Saudi Arabia has replaced its central bank chief and economy minister as the Arab world's biggest economy moves ahead with wide-ranging reforms.
Fahad Al Mubarak was made the governor of the Saudi Arabian Monetary Agency (Sama), replacing Muhammad Al Jasser, an economist, who moved to become economy and planning minister, according to the official SPA news agency.
The move may be aimed at using Mr Al Jasser's experience outside finance to push through important job-creation and housing projects, say economists.
"I am tempted to think the move will in part give a greater role to the ministry of economy and planning as it is clear the kingdom faces a lot of challenges and opportunities going forward," said Jarmo Kotilaine, the chief economist of National Commercial Bank in Saudi Arabia. "Muhammad Al Jasser has a lot of experience speaking on topics beyond finance and monetary policy."
The government has made significant moves to improve the lives of its citizens this year. As much as 40 per cent of Saudi youth is estimated to be out of work, one of the highest unemployment rates in the Arab world. In addition, 70 per cent of existing housing projects in Riyadh, the capital, targets households in the top 10 per cent income bracket, according to Samba Financial Group.
Against a backdrop of unrest in the region, King Abdullah bin Abdulaziz Al Saud unveiled spending packages of US$129 billion (Dh473.85bn) in February and March, including funds for housing loans and handouts for the jobless.
Mr Al Jasser had a long association with Sama, having been governor since 2009 and before that the deputy governor.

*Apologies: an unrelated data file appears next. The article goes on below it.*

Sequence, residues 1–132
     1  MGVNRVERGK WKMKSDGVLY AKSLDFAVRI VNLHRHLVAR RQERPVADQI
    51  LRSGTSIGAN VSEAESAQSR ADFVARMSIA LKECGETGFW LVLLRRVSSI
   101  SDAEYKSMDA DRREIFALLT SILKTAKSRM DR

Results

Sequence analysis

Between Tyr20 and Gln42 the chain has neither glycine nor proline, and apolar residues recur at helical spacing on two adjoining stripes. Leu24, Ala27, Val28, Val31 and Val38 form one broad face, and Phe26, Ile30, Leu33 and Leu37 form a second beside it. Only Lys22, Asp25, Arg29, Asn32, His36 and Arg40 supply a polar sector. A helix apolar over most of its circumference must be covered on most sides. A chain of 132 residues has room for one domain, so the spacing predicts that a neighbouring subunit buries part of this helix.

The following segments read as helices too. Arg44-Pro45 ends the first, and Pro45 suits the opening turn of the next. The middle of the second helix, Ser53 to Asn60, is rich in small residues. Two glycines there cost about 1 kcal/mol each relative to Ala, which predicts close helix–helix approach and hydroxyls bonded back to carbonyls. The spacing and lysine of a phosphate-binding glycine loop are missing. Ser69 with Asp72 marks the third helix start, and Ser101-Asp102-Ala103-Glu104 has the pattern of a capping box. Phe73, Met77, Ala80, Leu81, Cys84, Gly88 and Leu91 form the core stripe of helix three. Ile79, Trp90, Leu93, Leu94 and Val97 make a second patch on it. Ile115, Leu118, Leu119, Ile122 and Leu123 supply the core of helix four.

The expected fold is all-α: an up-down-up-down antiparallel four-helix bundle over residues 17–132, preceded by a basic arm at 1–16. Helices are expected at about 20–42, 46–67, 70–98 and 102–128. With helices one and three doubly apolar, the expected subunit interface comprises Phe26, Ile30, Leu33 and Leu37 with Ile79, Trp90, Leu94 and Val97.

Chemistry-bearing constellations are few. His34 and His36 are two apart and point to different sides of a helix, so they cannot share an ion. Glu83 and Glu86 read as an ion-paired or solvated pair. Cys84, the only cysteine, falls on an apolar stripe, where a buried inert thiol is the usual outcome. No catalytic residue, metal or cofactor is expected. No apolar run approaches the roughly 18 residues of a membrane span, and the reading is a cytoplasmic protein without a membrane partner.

He has also been a key figurehead in the planned GCC single-currency project. Last year he was named the first chairman of the Gulf Monetary Council, the body tasked with creating a united central bank and common currency.
Before his involvement with Sama, Mr Al Jasser worked for seven years at the IMF, including as Saudi Arabia's executive director at the organisation.
He succeeds Khalid bin Mohammad Al Gosaibi as economy minister.
Mr Al Mubarak, his replacement, brings experience from the private sector, having worked as managing director of Morgan Stanley Saudi Arabia.
Before working at the US bank, he managed Rana Investment, the first investment firm in Saudi Arabia. He was also a member of the team overseeing the privatisation of Saudi Telecom.
"The new central bank governor has the experience and knowledge needed and will ensure Sama is run well," said Turki Al Hugail, an economic analyst in Saudi Arabia.
Economists do not expect his appointment to mean a sudden change in monetary policy, such as the kingdom's fixed exchange rate to the US dollar.
In another move, Tawfiq bin Mohammed Al Rabiah was appointed as Saudi Arabia's minister of trade and industry, replacing Abdullah Alireza, according to the state news agency.
It is the latest reshuffle since the appointment in October of Prince Nayef bin Abdulaziz Al Saudas Crown Prince, the second-most senior position in the kingdom.